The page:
Raising standard of lifting operations across smaller contractors
In order to raise the standard of lifting operational practices and awareness of lifting plans by smaller contractors on the central section Enabling Works Contract, an all-encompassing lifting pack was produced with a pictorial guide showcasing each plant with lift plan and requirements. This pack advised SME’s and sub-contractors what information is required in RAMs and other supportive documentation.
The pack was made available to the team on site via all notice boards, office walls and within canteens to allow all personnel to be aware of the lifting requirements on their respective machines.
The lifting pack and reflections on its implementation are shared as a learning legacy for future projects to make use of when developing their procedures and communications for lifting operations.
Background and industry content
This learning is presented as part of the works to deliver the Enabling Works Contract (EWC) on the central section of High Speed Two (HS2) Phase One, delivered by Fusion joint venture (Morgan Sindall, BAM Nuttall, Ferrovial Agroman)
The scale of the major infrastructure project that is High Speed Two (HS2) implies a higher standard in delivering services and products. SME’s and sub-contractors may experience for the first time the opportunity to deliver as suppliers at such scale and may not have satisfactory standards. While some were producing inferior lifting plans that did not meet Fusion standards, LOLER 98, ACOP standards, British Standards and industry best practice. Throughout the project, the team has been working in collaboration with the supply chain to improve such requirements. Many observations highlighted that a simple approach was required to enable the contractors to reach a suitable and sufficient standard to enable them to understand what was required and produce suitable lift plans.
LOLER 1998 Regulation 8y, requires that all lifting operations are properly planned by a competent person, appropriately supervised, and carried out in a safe manner.
Many of the smaller contractors, and some medium contractors, were not aware of the regulation, therefore the lifting operations were not being performed to standard creating some safety concerns.
Once this issue was noticed, early engagement with new and existing contractors was the way forward. All started, with regular site meetings, team meetings and face to face page-turning exercises being the focus.
During those meetings, it became clear very quickly that there was a lack of understanding of what machines required a lift plan, what details a lift plan must contain and the appropriate competency required for both planner and operator.
Therefore, the solution to improve the lifting operations was to design a lifting pack including all the lifting and plant standards, blank lift plan template and any relevant information required. Standards recognised to be heavy in requirements and not an easy read. Hence a pictorial guide was produced to communicate at all levels of personnel. It displays what machines required a lift plan, what other documentation was to be produced, whether it required reviewing by Fusion, the level of supervision and the competency requirements for all persons involved within the lifting operation. All approved by Quality control and was allocated a QMS number. Figure 1 below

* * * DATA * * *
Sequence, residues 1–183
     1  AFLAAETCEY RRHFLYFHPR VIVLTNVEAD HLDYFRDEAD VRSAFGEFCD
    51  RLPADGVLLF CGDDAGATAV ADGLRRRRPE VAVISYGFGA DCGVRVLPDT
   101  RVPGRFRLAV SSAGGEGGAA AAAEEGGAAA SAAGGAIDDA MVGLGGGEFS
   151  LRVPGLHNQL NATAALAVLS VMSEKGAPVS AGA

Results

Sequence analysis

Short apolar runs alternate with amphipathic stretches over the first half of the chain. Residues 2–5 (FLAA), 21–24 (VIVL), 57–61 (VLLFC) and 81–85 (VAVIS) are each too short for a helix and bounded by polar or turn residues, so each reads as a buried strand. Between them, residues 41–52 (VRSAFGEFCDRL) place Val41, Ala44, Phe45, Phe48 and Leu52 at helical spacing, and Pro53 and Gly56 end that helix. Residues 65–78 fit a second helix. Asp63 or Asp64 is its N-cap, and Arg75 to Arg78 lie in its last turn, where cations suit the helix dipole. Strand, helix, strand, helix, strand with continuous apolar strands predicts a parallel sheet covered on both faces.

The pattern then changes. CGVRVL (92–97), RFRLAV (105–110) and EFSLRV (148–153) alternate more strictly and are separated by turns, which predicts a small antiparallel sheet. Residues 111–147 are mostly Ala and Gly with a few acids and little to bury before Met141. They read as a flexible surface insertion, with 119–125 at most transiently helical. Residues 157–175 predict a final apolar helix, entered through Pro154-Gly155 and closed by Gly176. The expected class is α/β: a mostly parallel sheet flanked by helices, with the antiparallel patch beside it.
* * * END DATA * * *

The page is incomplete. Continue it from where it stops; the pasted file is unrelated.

The Lifting Operation Standard was then distributed to all contractors across the whole project. It is now an integral document on all site notice boards, canteen walls and site office safety data walls.
Lessons learned and successes
The initial reaction was mixed, with some contractors not wanting to follow the procedure as it was something not part of their requirements on previous contracts.
Uplifting contractors’ skills and knowledge was something the team wanted to assist with but was nonetheless a challenge. Most realised that it was a legal requirement and would bring them many benefits in procuring future work.
The upside of the procedure was to bring all lifting operations together under one standard and ensured that a level was attained by all contractors. It was seen by the contractors as an aide memoir for their site teams as well as management and was an added guide for pricing work correctly.
The downside to this exercise, was the number of contractors involved, not having the resources to plan the lifting, and the number of operators not matching the competency requirement and certifications. Logistical issues were also aggravated by the COVID-19 pandemic, but well overcome by most contractors. Certain areas of the work being done by Fusion were historically not seen as ‘construction’ but as agricultural and forestry, and these contractors found the requirements more onerous than most. With the simple pictorial standard, they have embraced the requirements and have worked well to attain the required standard.
Early engagement at pre-start meetings and good communication is essential to allow the contractors to digest what is required and to enable them to have all documentation in place. An understanding of competency requirements on projects is a must, and this must be given to the contractors early enough to allow them to get the correct personnel, or up-skill their existing workforce.
Neil Crowe-C1, C2 South & Central Lead Supervisor
Sam Robinson-Works Manager
 British Standards Institution. BS 7121-1:2016 Code of practice for safe use of cranes – Part 1 General.
British Standards Institution. BS 7121-3:2017 Code of practice for safe use of cranes – Part 3 Mobile Cranes.
British Standards Institution. BS 7121-4:2010 Code of practice for safe use of cranes – Part 4 Lorry Loaders.